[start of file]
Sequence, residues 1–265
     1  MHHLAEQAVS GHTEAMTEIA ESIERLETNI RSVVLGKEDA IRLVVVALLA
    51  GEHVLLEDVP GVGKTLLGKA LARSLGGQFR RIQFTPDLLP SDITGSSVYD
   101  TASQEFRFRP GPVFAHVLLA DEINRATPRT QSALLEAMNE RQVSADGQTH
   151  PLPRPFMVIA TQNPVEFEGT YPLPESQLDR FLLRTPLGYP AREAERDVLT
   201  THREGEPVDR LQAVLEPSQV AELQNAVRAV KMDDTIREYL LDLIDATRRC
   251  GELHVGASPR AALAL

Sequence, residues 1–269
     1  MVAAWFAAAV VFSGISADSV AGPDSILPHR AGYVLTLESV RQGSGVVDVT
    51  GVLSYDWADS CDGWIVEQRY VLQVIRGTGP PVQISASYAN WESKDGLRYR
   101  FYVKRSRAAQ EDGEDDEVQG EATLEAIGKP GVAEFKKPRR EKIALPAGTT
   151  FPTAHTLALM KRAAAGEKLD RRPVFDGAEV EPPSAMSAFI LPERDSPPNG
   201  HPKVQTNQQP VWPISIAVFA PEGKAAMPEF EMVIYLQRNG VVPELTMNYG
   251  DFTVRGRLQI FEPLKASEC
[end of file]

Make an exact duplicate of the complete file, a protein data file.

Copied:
Sequence, residues 1–265
     1  MHHLAEQAVS GHTEAMTEIA ESIERLETNI RSVVLGKEDA IRLVVVALLA
    51  GEHVLLEDVP GVGKTLLGKA LARSLGGQFR RIQFTPDLLP SDITGSSVYD
   101  TASQEFRFRP GPVFAHVLLA DEINRATPRT QSALLEAMNE RQVSADGQTH
   151  PLPRPFMVIA TQNPVEFEGT YPLPESQLDR FLLRTPLGYP AREAERDVLT
   201  THREGEPVDR LQAVLEPSQV AELQNAVRAV KMDDTIREYL LDLIDATRRC
   251  GELHVGASPR AALAL

Sequence, residues 1–269
     1  MVAAWFAAAV VFSGISADSV AGPDSILPHR AGYVLTLESV RQGSGVVDVT
    51  GVLSYDWADS CDGWIVEQRY VLQVIRGTGP PVQISASYAN WESKDGLRYR
   101  FYVKRSRAAQ EDGEDDEVQG EATLEAIGKP GVAEFKKPRR EKIALPAGTT
   151  FPTAHTLALM KRAAAGEKLD RRPVFDGAEV EPPSAMSAFI LPERDSPPNG
   201  HPKVQTNQQP VWPISIAVFA PEGKAAMPEF EMVIYLQRNG VVPELTMNYG
   251  DFTVRGRLQI FEPLKASEC